Financial services firms reported a more than a threefold increase in cyber security breaches to the Information Commissioners Office this year.
Some 640 were reported during the year to June, up from the 187 from the same period in 2022, according to research from international law firm RPC.
The pensions sector saw the biggest rise, from six to 246. RPC said that they are a target for hackers “as they hold a huge amount of valuable, sensitive and financial data”.
Caleb Mills, Professional Services Director at Doherty Associates said the findings serve as a stark reminder of the ever-escalating threats facing the financial services industry.
“The notable increase in reported cyber incidents could be interpreted as a positive sign.” He added. “It might indicate that more firms are aware of cybersecurity issues and are actively reporting incidents.
“This would reflect a heightened awareness of the importance of cybersecurity within financial firms. This proactive approach is a significant step toward enhancing overall cybersecurity posture and mitigating potential risks effectively.
“With financial institutions safeguarding vast repositories of highly sensitive financial and personal data, they remain prime targets for malicious actors. It’s clear that no firm, regardless of its size, can afford to underestimate the importance of cyber defences.
“A holistic approach to cybersecurity is imperative, demanding constant monitoring and timely updates across every link in the supply chain.
Cyber resiliency has never been more pressing. This means not only having robust preventive measures in place, but also a proactive response mechanism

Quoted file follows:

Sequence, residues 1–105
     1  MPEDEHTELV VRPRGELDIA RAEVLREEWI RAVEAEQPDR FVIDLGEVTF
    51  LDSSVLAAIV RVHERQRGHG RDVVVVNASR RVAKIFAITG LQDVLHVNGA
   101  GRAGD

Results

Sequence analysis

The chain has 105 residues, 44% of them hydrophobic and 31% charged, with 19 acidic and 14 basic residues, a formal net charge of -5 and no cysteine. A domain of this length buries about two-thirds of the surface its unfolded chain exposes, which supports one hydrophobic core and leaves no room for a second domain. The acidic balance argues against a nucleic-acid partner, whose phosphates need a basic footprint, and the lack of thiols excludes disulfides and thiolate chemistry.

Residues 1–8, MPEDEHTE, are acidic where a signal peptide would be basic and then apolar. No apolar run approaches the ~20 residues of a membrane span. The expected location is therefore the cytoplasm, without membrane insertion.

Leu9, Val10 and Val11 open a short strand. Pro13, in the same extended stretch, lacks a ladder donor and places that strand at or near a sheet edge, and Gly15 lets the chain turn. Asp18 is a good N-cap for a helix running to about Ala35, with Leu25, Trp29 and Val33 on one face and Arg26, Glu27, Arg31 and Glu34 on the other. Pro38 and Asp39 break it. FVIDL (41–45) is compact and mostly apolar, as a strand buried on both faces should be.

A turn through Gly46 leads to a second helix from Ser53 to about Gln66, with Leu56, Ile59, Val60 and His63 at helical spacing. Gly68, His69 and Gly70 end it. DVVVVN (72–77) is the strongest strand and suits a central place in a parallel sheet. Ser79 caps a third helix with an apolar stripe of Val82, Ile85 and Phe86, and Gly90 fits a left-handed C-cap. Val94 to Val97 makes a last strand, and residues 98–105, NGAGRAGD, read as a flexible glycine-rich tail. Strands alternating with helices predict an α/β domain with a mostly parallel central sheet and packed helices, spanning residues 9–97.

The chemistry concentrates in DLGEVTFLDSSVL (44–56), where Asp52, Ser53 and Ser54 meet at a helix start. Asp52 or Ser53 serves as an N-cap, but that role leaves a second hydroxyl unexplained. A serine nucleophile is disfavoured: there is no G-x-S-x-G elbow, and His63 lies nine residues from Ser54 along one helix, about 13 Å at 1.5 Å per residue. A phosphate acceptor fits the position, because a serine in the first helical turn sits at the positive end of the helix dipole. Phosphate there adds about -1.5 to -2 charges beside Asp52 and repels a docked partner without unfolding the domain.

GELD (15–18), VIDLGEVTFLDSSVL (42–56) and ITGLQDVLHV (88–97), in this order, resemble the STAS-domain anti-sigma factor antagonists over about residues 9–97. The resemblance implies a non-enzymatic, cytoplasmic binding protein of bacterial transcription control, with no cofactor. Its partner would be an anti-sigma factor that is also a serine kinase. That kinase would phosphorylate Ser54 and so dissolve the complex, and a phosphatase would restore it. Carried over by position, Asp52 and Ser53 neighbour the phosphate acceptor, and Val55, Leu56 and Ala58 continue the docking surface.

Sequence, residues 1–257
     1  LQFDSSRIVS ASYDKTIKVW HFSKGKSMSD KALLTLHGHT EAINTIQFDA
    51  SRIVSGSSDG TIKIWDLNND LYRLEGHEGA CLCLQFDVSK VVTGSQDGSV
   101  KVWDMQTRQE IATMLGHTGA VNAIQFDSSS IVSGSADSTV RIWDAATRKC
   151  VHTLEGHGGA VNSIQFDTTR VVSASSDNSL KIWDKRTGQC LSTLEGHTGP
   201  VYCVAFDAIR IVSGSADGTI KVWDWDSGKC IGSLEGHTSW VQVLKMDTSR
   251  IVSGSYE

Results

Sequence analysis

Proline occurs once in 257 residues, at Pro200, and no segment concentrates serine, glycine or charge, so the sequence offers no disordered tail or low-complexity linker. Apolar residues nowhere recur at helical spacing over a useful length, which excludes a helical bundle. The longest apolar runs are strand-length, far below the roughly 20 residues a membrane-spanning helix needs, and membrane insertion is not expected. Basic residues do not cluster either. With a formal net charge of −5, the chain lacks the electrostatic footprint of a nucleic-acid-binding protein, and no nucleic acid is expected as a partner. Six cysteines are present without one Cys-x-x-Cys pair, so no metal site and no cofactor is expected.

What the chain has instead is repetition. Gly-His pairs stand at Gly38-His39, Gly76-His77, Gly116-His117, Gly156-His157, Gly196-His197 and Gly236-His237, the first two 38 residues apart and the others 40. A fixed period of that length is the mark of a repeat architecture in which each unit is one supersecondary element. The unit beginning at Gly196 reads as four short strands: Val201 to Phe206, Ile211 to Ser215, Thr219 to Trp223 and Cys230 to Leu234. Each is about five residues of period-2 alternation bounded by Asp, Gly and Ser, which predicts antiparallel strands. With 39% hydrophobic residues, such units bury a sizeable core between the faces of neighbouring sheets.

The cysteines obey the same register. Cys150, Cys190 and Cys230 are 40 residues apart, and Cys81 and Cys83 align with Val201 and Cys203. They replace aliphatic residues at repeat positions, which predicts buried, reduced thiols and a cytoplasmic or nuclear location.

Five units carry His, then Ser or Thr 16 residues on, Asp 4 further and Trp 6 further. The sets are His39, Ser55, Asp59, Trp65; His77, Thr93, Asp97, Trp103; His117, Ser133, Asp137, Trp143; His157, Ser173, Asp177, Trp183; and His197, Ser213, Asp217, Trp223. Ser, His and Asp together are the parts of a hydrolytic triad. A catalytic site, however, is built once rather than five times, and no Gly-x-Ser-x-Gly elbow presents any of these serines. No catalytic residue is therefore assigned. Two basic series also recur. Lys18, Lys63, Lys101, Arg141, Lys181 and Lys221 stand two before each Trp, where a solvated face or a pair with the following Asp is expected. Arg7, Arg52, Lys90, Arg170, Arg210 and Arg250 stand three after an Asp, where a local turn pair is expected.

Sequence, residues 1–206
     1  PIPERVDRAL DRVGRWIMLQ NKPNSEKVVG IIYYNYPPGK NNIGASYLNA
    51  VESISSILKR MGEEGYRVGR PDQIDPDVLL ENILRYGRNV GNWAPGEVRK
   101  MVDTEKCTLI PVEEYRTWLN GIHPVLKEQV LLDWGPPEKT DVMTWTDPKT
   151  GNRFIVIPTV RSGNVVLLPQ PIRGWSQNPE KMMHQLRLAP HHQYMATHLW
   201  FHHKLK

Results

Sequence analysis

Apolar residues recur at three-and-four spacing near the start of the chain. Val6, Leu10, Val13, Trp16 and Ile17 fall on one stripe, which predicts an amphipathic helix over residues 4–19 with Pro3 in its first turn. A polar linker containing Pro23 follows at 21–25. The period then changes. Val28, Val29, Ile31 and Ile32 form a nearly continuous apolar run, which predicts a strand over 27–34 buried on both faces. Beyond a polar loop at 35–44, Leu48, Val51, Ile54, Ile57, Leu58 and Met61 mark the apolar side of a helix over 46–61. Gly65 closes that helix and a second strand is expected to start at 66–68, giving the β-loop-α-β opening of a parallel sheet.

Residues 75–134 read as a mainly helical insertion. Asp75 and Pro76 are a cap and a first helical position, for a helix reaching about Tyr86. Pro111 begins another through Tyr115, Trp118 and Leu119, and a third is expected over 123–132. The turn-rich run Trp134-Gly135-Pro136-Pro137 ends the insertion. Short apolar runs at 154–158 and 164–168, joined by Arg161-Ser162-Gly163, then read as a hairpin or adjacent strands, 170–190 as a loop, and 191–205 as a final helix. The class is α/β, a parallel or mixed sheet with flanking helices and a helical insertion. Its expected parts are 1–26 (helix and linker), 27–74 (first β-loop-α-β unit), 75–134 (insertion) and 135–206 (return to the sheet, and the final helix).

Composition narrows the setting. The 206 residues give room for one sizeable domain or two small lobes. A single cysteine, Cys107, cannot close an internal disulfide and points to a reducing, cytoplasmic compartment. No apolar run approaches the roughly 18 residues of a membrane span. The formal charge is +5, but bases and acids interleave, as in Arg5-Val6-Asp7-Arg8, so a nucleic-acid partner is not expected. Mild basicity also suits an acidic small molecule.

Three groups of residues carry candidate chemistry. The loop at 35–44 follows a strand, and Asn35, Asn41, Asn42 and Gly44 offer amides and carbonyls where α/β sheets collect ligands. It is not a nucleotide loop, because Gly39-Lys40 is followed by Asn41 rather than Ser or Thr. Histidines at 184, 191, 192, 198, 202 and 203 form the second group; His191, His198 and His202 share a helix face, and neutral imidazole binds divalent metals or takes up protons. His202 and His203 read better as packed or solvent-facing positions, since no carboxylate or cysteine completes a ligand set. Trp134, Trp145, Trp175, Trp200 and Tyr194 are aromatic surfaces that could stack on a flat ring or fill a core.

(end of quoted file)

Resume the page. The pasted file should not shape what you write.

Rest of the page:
“The consequences of failing to maintain a robust security posture are profound; they extend beyond financial implications to lasting reputational damage should a financial services business fall victim to a data breach. The stakes are high, and the need for vigilance has never been more evident.”
Achi Lewis, Area VP EMEA for Absolute Software, said: “For many sectors now, it is no longer a question of if, but when an attack will occur. The financial sector is a crucial element within our global economy, handling vast amounts of sensitive data and financial transactions daily, making it a prime target for bad actors.
“As such, cyber resiliency has never been more pressing. This means not only having robust preventive measures in place, but also a proactive response mechanism that can swiftly adapt and recover in the face of an attack.
“Self-healing technology can empower financial institutions to automatically detect and repair damaged applications and devices, effectively preventing re-infection and reducing downtime.”
Rob Otto Field CTO and Principal Solutions Architect at Ping Identity described the rise as a “staggering uptick” that shows that as much as we assume that financial institutions have airtight security protocols, hackers are anything but deterred.
“To protect both their operations and their clients, enterprises must become more vigilant and proactive by adopting identity security measures like multi-factor authentication (MFA). This helps ensure that even if a hacker acquires or guesses a password, users’ funds are better protected because access requires an additional layer of authentication, and therefore security.
“In a world where people are increasingly demanding seamless online experiences, the future of payment security should in fact shift towards fully passwordless solutions that use biometrics and device identifiers to simplify the identity verification process while also making it more secure.”
Richard Breavington, Partner and Head of Cyber and Tech Insurance at RPC said the data highlights how financial services are increasingly experiencing targeted cyber attacks. For pension schemes particularly, trustees can be liable for failure to manage cyber risk appropriately.
“Cybersecurity is fundamental to pension scheme trustees’ legal duties,” he said.
“The assumption might sometimes be that major financial services businesses have robust cyber defenses so that they are impervious – that certainly hasn’t stopped hackers continuing to try.”
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